There appears to be progress needed in our recognition of female contributions to the history of abstract painting. While leaders of the movement like Helen Frankenthaler and Joan Mitchell are relatively well known, these vanguards and many of their counterparts are often overlooked by their male contemporaries, figures like Jackson Pollock and Willem de Kooning.
But, putting aside a need to celebrate female contributions to the history of the movement, there are always still chances to consider the contemporary ways in which women interpret the tenets of abstractionism today.
The current exhibition at Nashville’s Tinney Contemporary, “Women of Abstraction” running until September 26, 2019, is an effort to appreciate this female legacy through its acting contributors. By featuring new works by women in the field, the gallery has placed an emphasis on the broad range of abstract painting done today and the importance of individual expression within the movement — thus celebrating “women of abstraction” by showcasing the uniquely abstract qualities of their work, rather than anything particularly “female” about them.
“As a result of the lasting appeal of the Abstraction Movement, there has been an increased desire to uncover and recognize the women of the many periods of Abstraction throughout history,” per the gallery. “In 2019, being an abstract painter holds a highly dynamic and diverse set of meanings — especially when compared to the pioneers of the previous century. Each artist approaches material, shape, color and space in ways that uniquely reflect their own cultivated experiences and ideas.”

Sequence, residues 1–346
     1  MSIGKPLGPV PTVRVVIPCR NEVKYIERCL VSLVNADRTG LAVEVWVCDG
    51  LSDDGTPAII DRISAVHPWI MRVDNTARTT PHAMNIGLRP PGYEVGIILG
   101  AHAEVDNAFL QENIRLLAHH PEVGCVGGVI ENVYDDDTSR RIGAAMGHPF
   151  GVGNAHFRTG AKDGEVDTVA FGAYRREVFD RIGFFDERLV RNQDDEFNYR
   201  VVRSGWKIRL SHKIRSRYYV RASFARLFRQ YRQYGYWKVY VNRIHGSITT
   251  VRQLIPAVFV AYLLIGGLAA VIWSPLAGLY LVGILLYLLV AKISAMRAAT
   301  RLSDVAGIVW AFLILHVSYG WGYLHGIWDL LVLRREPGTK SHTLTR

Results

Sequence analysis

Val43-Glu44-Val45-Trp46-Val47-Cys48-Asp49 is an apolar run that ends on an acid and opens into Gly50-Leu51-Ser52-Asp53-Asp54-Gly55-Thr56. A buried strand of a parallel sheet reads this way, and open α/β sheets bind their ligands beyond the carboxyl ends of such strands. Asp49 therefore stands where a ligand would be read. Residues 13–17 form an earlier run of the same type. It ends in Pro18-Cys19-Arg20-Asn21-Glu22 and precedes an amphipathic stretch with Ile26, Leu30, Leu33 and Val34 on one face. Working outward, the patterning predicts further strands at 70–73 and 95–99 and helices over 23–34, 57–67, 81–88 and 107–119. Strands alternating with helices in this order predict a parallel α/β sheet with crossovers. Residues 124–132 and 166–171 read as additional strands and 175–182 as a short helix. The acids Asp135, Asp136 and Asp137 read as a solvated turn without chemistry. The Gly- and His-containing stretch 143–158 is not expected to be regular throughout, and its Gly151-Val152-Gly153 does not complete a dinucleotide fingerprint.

Desire by Martica Griffin, one of the pieces selected for the show, exemplifies this attempt to put the spotlight on abstract art’s inclusivity.
“I’m looking at everything as a source of inspiration — nature, history, street art, current events, fashion, food,” Griffin said. “Painting is a mysterious language and I’m always trying to understand it and make it my own.”
Desire‘s color palette and interpretation of movement and feeling was inspired by a late friend. As in the best examples of abstractionism, no direct imagery between this inspiration and what’s on the canvas is immediately apparent, but instead there is a more truthful and natural interpretation of this friend’s spirit and energy.
This reliance on feeling, energy and instinct that is so critical to abstract art is readily apparent in Griffin’s technical process for creating Desire. She began with an un-stretched canvas pinned to a wall, applying the first coats of paint over a rigid surface so that they could “do what they wanted.” She used paints with different consistencies and a variety of tools and techniques to make the underlying texture marks. To add more sensuous shapes to the piece, Griffin used carbon black colored fluid acrylic.
“I worked back and forth adding and subtracting until I felt the piece was in a state to stretch,” she explained. “I did make some changes once it was stretched because I’d kept things that seemed to be getting in my way.”
The five other artists featured in “Women of Abstraction” similarly interpret the movement and its possibilities in uniquely contemporary ways. There are pieces by Mary Long, Carol Mode, Sisavanh Phouthavong, Mildred Jarrett and Jeanie Gooden, in addition to several by Griffin. Each makes a strong case that uncovering the women of abstraction can mean simply recognizing those who are pushing it forward today.
Griffin is based in Nashville and focuses on non-representational and figurative work. She holds a bachelor’s degree in fine art from East Carolina University and studied postgraduate painting at the School of Visual Arts in New York. Her work has been exhibited throughout Nashville for more than a decade.
Tinney Contemporary is located at 237 5th Avenue.